Pumas 4 Pumas teams up with ASU organization to create mental health videos

The Pumas 4 Pumas club partnered with ASU’s Devils 4 Devils organization as a way to spread community awareness for mental health.



President, Sammy Cristerna and Vice President, Anilisse Cappucci of the Pumas 4 Pumas club have a large role in spreading community awareness for mental health.

The Pumas 4 Pumas club is a continuation of the Lunch Bunch which promotes mental health awareness and empathy for students throughout the school and the community. Treasurer, Allison Tripp explains that this club was inspired by ASU’s Devils 4 Devils organization. They have also recently partnered with ASU in a project that involves providing resources for students in the community. Tripp notes “We’ve partnered with them [ASU] because they can help us engage with our peers and provide resources for them, and empathize with them and support them.’’

The project at its core is ASU working with a few high schools in the area for feedback about mental health. They will then take the feedback the Pumas 4 Pumas club gives them and make videos about important areas of mental health that would be important to students. Club president, Sammy Cristerna explains “We put our input in and just discuss what specifically as Gen-Z what the warning signs are for us that we see and what is a good coping mechanism for us.” Cristerna explains that ASU has asked them a series of questions specifically about how this generation copes with mental illness, as it varies with different generations. 

Even though the club itself is new, this project has been well planned over an extended period of time. Perry High School was picked specifically along with three other schools in the state. Counselor, Holli Cagle is the facilitator of the club and has a significant role in the success of the project. “The ASU counseling department reached out to us at the start of last school year (2019-2020) to be the mentor for our club. They attended at least one meeting each month and provided special training to students in the club.”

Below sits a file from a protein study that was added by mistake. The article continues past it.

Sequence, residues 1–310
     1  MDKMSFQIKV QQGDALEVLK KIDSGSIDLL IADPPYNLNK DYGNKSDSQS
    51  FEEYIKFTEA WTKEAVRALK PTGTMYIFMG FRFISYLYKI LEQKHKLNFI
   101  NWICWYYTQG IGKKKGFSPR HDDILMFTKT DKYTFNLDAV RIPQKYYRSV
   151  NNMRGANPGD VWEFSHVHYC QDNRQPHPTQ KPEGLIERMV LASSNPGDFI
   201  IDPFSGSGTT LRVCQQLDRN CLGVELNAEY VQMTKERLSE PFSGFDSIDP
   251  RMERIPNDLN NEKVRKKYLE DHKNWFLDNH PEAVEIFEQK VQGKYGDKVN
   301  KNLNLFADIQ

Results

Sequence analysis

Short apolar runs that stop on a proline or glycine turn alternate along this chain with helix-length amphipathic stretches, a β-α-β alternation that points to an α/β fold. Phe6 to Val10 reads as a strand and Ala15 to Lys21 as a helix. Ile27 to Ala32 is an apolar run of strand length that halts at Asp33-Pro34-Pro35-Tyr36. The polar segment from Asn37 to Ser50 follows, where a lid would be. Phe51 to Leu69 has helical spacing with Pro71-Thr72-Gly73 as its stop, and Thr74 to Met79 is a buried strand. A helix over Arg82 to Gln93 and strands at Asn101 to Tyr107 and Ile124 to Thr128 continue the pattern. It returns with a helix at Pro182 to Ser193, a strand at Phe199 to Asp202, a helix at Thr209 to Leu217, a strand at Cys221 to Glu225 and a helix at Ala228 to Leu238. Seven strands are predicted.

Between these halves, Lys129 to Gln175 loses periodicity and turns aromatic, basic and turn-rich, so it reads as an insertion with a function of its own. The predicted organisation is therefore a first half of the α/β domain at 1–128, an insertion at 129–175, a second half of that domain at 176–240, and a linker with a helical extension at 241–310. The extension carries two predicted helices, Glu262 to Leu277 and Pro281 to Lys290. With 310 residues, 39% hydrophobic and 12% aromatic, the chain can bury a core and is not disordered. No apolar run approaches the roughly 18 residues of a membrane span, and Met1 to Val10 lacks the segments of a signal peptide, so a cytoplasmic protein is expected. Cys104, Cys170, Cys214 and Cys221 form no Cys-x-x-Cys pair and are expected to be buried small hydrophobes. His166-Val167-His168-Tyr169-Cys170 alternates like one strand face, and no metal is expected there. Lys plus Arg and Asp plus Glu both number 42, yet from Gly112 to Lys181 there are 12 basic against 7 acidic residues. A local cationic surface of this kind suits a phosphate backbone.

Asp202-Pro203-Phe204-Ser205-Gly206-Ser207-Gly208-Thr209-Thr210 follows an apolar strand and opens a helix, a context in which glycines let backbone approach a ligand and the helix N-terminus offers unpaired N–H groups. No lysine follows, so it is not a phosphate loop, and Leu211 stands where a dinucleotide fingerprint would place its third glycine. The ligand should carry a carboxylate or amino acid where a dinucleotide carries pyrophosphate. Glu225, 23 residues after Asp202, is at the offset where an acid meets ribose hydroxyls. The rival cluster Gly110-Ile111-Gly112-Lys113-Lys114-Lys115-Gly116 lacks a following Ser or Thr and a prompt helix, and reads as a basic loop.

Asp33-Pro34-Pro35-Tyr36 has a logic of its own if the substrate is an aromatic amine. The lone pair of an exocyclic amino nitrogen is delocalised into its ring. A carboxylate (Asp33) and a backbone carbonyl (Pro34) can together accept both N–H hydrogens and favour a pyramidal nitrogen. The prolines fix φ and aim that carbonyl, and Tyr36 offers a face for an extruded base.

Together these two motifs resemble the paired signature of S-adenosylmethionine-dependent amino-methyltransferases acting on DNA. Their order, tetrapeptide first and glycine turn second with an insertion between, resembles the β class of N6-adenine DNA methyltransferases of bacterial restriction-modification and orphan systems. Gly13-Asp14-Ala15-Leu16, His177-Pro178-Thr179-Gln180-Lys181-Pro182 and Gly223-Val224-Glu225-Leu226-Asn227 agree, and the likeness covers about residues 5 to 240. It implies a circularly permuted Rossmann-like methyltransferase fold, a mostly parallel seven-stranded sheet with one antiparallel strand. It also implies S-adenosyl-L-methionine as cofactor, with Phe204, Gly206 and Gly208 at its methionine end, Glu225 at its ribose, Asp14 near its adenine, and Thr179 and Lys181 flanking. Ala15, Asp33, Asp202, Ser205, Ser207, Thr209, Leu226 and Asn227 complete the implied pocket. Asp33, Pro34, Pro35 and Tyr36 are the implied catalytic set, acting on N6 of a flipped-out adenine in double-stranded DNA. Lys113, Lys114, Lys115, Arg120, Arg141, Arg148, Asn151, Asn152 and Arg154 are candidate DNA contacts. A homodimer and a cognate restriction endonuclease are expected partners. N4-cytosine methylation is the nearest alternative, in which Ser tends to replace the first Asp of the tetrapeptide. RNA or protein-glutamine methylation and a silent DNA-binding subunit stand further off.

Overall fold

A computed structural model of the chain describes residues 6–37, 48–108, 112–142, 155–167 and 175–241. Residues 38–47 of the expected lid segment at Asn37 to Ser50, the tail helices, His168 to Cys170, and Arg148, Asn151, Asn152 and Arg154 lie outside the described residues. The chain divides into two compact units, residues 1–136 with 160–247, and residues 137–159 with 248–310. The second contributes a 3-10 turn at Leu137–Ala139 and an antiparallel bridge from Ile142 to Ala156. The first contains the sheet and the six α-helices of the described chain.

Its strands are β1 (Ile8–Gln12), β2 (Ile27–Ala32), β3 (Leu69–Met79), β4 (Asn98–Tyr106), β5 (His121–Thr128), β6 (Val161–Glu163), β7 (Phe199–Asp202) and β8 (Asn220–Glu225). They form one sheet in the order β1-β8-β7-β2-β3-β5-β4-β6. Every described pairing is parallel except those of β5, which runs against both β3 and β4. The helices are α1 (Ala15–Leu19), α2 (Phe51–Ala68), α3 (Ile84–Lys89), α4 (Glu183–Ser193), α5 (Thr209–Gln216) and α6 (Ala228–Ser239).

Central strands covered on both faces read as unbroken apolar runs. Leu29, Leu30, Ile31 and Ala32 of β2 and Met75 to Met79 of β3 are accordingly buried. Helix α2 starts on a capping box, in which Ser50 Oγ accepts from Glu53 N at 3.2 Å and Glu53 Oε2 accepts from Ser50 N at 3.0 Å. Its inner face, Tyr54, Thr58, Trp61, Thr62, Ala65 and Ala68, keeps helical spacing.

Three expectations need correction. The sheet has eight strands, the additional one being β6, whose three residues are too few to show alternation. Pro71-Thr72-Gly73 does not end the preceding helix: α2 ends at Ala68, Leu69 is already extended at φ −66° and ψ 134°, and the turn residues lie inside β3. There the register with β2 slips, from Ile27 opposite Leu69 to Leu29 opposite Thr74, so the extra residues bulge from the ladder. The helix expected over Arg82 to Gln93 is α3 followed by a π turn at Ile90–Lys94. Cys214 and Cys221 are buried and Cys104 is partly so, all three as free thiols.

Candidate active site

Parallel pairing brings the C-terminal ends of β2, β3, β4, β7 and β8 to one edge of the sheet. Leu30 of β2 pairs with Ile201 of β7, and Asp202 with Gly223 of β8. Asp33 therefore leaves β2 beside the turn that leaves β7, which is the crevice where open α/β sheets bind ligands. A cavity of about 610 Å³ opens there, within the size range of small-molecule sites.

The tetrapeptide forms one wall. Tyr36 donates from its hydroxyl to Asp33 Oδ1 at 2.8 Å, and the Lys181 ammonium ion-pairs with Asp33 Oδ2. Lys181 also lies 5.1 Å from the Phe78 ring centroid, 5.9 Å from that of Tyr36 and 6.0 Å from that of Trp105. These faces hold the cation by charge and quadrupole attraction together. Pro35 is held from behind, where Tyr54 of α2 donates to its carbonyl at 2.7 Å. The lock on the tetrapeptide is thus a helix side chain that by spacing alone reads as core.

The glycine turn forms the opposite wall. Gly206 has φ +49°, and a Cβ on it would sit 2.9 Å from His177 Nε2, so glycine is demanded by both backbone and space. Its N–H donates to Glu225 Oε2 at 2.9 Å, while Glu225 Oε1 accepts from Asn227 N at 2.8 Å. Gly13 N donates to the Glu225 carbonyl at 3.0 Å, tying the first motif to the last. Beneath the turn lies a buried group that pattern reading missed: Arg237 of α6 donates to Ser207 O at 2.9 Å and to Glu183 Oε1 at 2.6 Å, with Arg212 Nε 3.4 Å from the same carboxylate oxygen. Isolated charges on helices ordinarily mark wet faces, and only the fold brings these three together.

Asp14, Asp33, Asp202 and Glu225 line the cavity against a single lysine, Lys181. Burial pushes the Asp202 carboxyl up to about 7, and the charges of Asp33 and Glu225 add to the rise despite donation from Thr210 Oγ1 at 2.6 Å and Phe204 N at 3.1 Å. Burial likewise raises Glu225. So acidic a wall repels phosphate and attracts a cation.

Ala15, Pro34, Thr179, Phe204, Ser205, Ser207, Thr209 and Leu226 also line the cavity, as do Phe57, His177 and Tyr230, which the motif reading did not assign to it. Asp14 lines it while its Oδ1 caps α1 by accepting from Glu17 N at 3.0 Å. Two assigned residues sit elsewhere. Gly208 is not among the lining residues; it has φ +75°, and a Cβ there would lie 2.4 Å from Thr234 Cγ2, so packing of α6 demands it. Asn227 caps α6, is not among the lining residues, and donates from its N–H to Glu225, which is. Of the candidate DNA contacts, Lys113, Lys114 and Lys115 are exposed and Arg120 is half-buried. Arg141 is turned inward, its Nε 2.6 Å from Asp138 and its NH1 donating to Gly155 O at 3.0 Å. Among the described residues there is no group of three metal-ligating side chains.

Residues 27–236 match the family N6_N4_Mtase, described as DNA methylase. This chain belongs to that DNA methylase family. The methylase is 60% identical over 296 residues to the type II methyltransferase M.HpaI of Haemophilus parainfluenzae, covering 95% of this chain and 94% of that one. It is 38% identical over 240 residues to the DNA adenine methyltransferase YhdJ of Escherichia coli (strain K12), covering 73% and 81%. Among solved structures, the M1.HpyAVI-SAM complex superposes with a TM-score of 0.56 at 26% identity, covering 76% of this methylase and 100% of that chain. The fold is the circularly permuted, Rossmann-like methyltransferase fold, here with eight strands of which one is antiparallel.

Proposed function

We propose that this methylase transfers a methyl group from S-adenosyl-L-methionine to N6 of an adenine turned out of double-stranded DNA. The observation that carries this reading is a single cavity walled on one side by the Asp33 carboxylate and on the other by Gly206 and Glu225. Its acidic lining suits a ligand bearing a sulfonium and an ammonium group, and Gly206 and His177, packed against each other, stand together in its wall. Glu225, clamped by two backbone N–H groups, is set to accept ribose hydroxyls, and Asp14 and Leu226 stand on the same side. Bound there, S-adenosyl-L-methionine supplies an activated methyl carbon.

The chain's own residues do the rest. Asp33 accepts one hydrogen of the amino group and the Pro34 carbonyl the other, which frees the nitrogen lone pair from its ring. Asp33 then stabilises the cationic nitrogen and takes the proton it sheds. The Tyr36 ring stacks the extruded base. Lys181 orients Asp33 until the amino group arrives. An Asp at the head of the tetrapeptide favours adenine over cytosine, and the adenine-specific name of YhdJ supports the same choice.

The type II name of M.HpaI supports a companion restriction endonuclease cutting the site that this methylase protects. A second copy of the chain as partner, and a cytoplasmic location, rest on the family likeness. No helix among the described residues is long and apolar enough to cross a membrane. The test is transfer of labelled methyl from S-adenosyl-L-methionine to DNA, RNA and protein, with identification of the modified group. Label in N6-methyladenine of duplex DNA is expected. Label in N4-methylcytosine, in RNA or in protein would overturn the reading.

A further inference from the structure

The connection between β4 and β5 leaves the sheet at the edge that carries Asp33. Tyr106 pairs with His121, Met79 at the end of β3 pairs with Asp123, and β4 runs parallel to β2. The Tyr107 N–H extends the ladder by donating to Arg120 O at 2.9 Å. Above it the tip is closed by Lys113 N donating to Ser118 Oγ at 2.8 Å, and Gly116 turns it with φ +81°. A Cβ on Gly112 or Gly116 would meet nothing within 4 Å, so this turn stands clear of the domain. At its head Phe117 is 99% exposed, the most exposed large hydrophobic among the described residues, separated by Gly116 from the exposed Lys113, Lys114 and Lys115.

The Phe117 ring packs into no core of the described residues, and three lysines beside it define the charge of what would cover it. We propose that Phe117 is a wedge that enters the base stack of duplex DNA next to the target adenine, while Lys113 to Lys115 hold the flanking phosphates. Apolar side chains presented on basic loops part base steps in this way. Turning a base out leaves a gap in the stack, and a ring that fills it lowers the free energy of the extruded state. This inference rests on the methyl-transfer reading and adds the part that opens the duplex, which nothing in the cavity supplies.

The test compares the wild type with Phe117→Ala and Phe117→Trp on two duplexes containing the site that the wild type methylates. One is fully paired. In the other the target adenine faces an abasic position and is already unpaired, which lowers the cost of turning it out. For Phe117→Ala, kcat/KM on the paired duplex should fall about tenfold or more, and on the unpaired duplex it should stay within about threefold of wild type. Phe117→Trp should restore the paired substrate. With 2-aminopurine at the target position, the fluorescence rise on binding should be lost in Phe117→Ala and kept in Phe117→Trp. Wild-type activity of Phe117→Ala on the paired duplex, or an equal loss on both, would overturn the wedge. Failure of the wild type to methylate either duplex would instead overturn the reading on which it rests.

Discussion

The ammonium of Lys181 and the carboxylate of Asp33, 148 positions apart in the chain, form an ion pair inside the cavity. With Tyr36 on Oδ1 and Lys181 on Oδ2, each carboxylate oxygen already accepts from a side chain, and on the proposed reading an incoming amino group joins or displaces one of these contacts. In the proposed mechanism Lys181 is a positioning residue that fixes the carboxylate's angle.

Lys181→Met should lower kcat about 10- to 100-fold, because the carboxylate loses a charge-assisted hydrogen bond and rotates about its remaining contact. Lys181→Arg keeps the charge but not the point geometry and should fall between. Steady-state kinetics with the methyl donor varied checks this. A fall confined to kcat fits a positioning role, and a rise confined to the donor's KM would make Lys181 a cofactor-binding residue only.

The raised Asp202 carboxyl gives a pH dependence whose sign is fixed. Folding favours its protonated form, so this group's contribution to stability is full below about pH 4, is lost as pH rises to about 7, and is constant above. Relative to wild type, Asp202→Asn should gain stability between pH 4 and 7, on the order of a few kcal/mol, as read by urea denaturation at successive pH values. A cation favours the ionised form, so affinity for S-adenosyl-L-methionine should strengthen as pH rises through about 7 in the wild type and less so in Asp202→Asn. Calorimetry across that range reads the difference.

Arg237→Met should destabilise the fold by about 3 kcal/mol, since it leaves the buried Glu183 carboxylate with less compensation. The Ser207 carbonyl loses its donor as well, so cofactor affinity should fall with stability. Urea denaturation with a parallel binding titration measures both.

PHS students have a prominent influence on this project, but ASU is broadening the scope of the project to the community as a whole. “I think it widens the view of what ASU has the capability of doing with the project and voicing everyone’s views,” Cristerna explains. Tripp also sees the project’s far-reaching approach to be a positive impact on people who struggle with mental health. “It’s really important to recognize that a lot of people struggle with mental health and it hasn’t really been normalized until recently, a lot of people struggled by themselves… If we involve the entire community we are going to have more resources and more support for each other.” Tripp further explains the need to be supportive and encourage those who are silently struggling to be more comfortable with talking about the struggles they face. Cagle explains “Supporting someone’s mental health should be as normal as getting a cast for a broken leg,” Cagle remarks. 

Due to the sweeping amount of students who struggle with mental illness, the goal of the District Counseling Department is to “make these videos accessible to all CUSD high school students.” According to Cagle. However, the exact date that these videos will be accessible is unknown as there are a lot of factors that go into making these videos. Until the project has concluded there are many resources available for students and Pumas 4 Pumas will continue to lend a listening ear to students who are struggling.